Port Talbot Town 1 Bangor City 1 ht: 0-0 att: 240
John 83: Roberts 46
Entrance £7 Programme £2 Coffee £1
from the Geoquip Stadium
Pics of the Geoquip Stadium
After a Friday night at Llanelli, it was off to Port Talbot for the Saturday game against title hopefuls Bangor City. Llanelli’s was a cracking ground but Port Talbot’s was even better. Forza PTT indeed, as it said on a mural on the building as you come in, along with Croeso i’r Sand Siro, (welcome to the Sand Siro). Touches like this add real character and individuality to the ground. I was equally impressed with the large mural inside the ground, on the wall – PTT AFC, in giant letters. Reminded me, funnily enough, of the visitor’s old stadium at Farrar Road with the ;etters BCFC CPDB, the club crest sat in the middle, splashed luridly against the wall behind the terrace – a truly iconic football image.
On a tick list of what you’d want from a football ground, Port Talbot scores very highly – the urban location, near the station, two large banks for quality viewing, added extras in the murals, a couple of stands each side (albeit a bit modern), fantastic views and still some terracing and odd little structures scattered throughout.
Port Talbot is an unusual town that I found very difficult to traverse. The football ground is near the seafront, on the west of the town, which lies a bit inland. Getting to that side of the town after a very chilled lunchtime in the Lord Caradoc proved extremely difficult, not something you come to expect from 21st century Britain. The A48 Talbot Road was almost like a prison wall. I ended up running in short bursts across dual carriageways and large roundabouts, very much in the style of Frogger, the 80s video game, but thankfully without the option of killing myself by outrunning and smacking into the back of a car.
After my death-defying stunts, I was now on the right side of town, albeit on a grass verge on another dual carriageway, Afan Way, certainly not meant for pedestrians. After hopping a crash barrier I saw to the right of me the steel skeleton structure of perhaps a supermarket, sitting among overgrown weeds and wild flowers. The discarded foetus of a new project. A strange vision, rmeinding me of Spain. Victoria Road marked the start of the more traditional and civilised pavement/road combination, which was where the Geoquip Stadium resides, not far from the seafront. Incidentally Afan Lido’s ground is just a hundred or so yards away. I’ll have to remember my pole vault for when I go there.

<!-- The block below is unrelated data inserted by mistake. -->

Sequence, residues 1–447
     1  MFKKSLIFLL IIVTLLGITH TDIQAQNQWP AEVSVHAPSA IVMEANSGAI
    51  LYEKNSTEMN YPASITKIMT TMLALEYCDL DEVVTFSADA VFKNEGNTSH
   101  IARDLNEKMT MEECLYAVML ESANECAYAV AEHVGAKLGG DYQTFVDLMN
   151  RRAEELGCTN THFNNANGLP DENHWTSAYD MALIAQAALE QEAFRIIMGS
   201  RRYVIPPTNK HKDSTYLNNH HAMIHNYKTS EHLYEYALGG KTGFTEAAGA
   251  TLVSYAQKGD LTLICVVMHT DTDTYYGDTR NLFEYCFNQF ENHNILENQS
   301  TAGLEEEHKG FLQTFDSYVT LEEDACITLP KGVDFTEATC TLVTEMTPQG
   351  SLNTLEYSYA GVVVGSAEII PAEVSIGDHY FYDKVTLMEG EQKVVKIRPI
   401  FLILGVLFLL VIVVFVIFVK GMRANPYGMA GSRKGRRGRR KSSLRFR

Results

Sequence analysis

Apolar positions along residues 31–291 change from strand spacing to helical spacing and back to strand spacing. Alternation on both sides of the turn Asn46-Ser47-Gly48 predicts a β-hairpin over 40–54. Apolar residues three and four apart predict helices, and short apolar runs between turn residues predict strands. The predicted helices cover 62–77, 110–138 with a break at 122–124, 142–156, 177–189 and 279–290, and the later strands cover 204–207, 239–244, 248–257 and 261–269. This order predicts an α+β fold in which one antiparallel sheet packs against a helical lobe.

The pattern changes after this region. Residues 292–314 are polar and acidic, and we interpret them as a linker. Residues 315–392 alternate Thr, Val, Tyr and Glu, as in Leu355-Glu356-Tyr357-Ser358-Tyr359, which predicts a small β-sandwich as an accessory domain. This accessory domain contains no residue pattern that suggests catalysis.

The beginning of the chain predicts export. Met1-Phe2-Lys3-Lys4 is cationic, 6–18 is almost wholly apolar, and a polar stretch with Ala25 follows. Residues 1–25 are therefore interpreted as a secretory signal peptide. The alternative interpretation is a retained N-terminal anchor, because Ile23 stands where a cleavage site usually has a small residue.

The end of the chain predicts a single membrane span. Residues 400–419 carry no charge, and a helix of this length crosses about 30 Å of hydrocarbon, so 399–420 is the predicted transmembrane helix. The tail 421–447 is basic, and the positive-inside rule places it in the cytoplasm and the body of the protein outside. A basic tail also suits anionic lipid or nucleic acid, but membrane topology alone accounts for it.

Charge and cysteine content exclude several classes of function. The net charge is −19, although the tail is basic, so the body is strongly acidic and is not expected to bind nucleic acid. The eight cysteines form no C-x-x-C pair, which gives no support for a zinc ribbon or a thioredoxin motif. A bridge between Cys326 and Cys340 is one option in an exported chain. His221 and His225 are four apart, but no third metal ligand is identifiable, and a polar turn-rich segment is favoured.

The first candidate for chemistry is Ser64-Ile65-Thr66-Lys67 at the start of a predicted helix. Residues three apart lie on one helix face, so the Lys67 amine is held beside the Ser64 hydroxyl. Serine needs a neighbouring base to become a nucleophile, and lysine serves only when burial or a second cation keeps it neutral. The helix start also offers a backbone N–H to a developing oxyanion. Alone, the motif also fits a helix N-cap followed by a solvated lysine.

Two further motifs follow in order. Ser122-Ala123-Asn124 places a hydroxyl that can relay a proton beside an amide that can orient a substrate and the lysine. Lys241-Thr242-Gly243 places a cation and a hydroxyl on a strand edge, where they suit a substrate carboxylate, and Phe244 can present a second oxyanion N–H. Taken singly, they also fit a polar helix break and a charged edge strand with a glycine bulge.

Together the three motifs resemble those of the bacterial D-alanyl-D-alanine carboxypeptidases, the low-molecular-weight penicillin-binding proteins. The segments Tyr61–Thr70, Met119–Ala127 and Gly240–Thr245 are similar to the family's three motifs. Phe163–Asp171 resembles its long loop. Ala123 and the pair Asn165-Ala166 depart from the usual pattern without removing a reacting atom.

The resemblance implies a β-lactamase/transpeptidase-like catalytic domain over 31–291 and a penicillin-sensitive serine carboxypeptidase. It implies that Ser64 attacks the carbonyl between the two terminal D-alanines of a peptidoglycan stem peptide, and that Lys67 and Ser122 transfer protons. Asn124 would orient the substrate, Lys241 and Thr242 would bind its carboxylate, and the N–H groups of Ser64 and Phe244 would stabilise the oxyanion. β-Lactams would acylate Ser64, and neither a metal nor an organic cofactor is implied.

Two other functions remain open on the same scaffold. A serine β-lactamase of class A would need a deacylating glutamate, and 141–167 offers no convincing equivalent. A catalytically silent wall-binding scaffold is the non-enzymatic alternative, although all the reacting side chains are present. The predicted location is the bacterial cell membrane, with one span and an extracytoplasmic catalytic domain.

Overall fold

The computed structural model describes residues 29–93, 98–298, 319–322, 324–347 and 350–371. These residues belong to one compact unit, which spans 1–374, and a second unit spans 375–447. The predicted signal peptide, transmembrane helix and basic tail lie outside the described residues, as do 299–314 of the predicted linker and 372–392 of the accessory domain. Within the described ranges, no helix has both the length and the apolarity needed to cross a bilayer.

It was a perfect day for a match, an unusually hot and sunny October day, enough to have a real ale in the Bar Gallois beer garden down by the seafront – a seafront that seemed slightly surreal given the industrial landscape of the town. The Geoquip lies just off Victoria Road, one entrance being via the back alley serving the houses on the main road. The other is on the other side from Webb Place that leads out on to the top of the main stand.
Blue and white paint proliferates throughout this charming ground. The main stand, the Gerald McCreesh Stand sits snugly in a large bank, with a small tv gantry sat atop it. About eight rows up, it holds around 600 seats.
Opposite is a smaller covered stand, sitting next to the PTT AFC mural.
A narrow terrace runs along the bottom of the ground and at the top, the bank the main stand sits on curves round to give an elevation from behind the goal. This is where the snack bar is.
Bangor City, one of the most successful of Welsh clubs, can be relied upon to take a large following, even when it means crossing the whole of Wales. They came adorned with Ultra style flags.
Port Talbot Town have their Ultra of their own, a group I first saw at Newtown’s Latham Park. They stood at the back of the main drumming throughout. There seems to be a hardcore of about 20 of them.
The game kicked off and finished in bright sunshine, adding to my positive feelings about the ground. The game wasn’t a classic, but it was good to see Port Talbot get an equaliser. After a first half of surviving Bangor pressure it was ironic and hugely disappointing that straight after the break a weak pea-roller of a shot went straight through the keeper’s hands for 1-0. The steely determination of the first half all in vain, it seemed, so all the better that Port Talbot rallied and were rewarded with a great 20 yard strike to equalise on 83. Great Welsh double – two of the finest grounds in Wales. I now plan to finish off the Welsh Premier nest season with a Haverfordwest-Carmarthen double, or Carmarthen and whichever club it is, if any, that replaces Afan Lido.